Reporting the URL of HTTP web requests


Reporting the URL of HTTP web requests

If you have purchased the Web and Cloud module, you may set up the Collector to send the URLs of those HTTP web requests that the end-users address to a selected group of domain names. By default, for every web request, the Collector only reports the domain name inside the request to the Engine (and not the full URL) to keep the amount of generated network traffic low and avoid flooding the Engine with lots of URLs. Nevertheless, when the Collector is allowed to report the URLs of just a few web requests, the generated traffic still remains reasonably low, while you may benefit from this additional information to define services based on particular URL paths or investigations that include conditions on URLs of web requests.

Learn in this chapter how to specify the list of domain names for which the Collector must report the URLs of the HTTP requests that are addressed to them from the devices of the end-users.

Accepted syntax for the list of domains

Independently of the method chosen to configure the Collector, the accepted syntax for specifying domains is the same. The allowed characters to write domain names are a subset of the ASCII character set that comprises:

  • The range of letters from a to z and from A to Z.
  • The digits from 0 to 9.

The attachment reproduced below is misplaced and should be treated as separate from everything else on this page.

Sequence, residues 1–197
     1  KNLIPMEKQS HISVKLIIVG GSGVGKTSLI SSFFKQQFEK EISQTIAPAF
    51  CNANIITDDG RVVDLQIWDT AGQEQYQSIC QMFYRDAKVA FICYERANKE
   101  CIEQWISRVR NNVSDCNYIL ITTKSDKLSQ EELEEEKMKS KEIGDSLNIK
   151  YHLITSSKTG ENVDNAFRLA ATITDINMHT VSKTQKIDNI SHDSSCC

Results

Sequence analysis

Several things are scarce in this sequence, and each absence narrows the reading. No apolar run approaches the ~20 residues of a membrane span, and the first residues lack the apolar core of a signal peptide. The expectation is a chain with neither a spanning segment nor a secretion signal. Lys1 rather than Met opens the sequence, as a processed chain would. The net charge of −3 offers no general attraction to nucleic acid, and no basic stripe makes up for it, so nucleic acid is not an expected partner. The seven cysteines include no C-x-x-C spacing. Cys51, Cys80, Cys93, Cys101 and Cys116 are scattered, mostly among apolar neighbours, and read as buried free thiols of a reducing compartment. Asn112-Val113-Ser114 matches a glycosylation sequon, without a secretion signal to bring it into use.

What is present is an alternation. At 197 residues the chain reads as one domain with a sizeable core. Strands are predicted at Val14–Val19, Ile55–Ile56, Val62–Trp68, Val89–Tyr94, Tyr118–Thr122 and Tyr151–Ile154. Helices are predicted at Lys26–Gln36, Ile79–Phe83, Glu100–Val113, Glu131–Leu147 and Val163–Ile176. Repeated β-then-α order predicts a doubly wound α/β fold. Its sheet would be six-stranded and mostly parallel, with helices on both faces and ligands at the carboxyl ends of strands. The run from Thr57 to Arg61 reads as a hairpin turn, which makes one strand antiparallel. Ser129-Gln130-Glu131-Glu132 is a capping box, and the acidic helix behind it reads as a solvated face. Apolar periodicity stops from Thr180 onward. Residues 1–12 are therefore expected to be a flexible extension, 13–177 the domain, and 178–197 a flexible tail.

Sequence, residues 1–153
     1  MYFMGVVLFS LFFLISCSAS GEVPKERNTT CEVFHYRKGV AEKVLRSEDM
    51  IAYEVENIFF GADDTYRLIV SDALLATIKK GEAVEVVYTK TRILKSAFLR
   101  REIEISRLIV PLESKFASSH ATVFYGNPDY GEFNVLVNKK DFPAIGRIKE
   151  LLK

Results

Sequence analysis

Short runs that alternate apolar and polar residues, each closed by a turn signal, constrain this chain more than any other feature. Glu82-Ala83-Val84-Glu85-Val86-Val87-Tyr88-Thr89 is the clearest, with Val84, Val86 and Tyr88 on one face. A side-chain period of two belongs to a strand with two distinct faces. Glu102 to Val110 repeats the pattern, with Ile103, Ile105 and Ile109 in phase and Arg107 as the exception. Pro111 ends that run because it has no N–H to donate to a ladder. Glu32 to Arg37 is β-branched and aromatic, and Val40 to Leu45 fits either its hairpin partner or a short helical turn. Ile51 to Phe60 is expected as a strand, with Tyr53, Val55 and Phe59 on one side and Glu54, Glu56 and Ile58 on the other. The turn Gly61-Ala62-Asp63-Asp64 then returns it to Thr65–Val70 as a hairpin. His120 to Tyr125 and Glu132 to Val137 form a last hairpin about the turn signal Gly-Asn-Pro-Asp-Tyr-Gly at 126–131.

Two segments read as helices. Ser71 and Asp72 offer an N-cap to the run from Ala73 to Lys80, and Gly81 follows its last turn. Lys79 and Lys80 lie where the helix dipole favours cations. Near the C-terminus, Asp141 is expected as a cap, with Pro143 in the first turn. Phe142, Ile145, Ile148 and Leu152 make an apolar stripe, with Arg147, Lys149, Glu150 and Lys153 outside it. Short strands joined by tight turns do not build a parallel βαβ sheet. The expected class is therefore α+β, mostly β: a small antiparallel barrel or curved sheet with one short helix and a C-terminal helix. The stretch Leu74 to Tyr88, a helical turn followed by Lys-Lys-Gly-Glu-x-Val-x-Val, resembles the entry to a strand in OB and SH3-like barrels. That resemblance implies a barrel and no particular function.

• The symbols . (dot) and - (hyphen).
  • The symbols : (colon) and / (slash).
  • The symbol * (star) to substitute zero or more characters.

Let us see some examples of domain names and how are they interpreted by the Collector:

www.example.comMatches all HTTP requests addressed to
http://www.example.comSame as above: matches HTTP requests to
example.comMatches all HTTP requests to the same as (the URL path after the host name is ignored)
*.example.comMatches any prefix before the first dot (e.g. and, but not
*example.comMatches any prefix (e.g.,,,
***example.comSame as above (multiple consecutive stars count as one)
ftp.example.comMatches all HTTP requests addressed to (Note that the protocol is HTTP and not FTP)
ftp://ftp.example.comError: only HTTP scheme is allowed
https://example.comError: only HTTP scheme is allowed
-example.comError: domain names cannot begin or end with a hyphen
*Error: the match all star pattern is not allowed alone

Configuring the list of domains in the Collector

Specify the list of the domains for which the Collector reports the URLs of web requests either before or after deploying the Collector:

  • Before deploying the Collector:
    • Passing parameters to the MSI.
    • Using the Nexthink Collector Installer.
  • After deploying the Collector:
    • Using the Nexthink Collector Configuration Tool.
    • Changing the value of a registry key.

Beware that if you use the Updater to deploy the Collector, many parameters of the MSI, and the list of domains in particular, cannot be set at installation time and are not saved between updates. For every automatic update of the Collector, you must reapply the settings after deployment.

Passing parameters to the MSI